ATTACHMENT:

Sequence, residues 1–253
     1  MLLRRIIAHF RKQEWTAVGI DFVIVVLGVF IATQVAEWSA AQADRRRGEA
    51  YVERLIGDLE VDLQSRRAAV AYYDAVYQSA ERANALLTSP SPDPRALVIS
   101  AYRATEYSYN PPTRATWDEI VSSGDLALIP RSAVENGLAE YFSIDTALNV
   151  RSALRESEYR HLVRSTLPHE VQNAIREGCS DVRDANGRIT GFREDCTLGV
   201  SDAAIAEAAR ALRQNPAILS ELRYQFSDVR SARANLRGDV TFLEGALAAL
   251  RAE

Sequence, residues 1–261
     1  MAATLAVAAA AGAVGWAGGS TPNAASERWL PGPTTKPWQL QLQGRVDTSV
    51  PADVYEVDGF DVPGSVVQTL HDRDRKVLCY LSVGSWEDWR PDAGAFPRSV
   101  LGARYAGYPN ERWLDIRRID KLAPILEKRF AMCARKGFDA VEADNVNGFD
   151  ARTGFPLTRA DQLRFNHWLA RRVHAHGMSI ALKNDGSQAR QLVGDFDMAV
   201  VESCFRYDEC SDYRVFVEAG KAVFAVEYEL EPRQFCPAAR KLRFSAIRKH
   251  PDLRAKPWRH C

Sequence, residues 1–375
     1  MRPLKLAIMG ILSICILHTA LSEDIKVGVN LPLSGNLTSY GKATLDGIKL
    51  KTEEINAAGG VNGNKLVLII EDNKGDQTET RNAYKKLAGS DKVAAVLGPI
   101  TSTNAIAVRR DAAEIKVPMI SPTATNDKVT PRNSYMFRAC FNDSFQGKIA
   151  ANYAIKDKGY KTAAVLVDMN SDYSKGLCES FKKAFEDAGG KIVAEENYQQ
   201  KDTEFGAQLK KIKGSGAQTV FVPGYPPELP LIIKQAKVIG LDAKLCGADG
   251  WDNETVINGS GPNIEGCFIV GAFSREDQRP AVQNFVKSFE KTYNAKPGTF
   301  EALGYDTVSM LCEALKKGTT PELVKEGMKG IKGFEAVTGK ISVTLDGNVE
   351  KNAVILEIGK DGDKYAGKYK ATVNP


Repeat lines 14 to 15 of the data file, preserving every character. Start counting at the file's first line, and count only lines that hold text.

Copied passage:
   251  PDLRAKPWRH C

Sequence, residues 1–375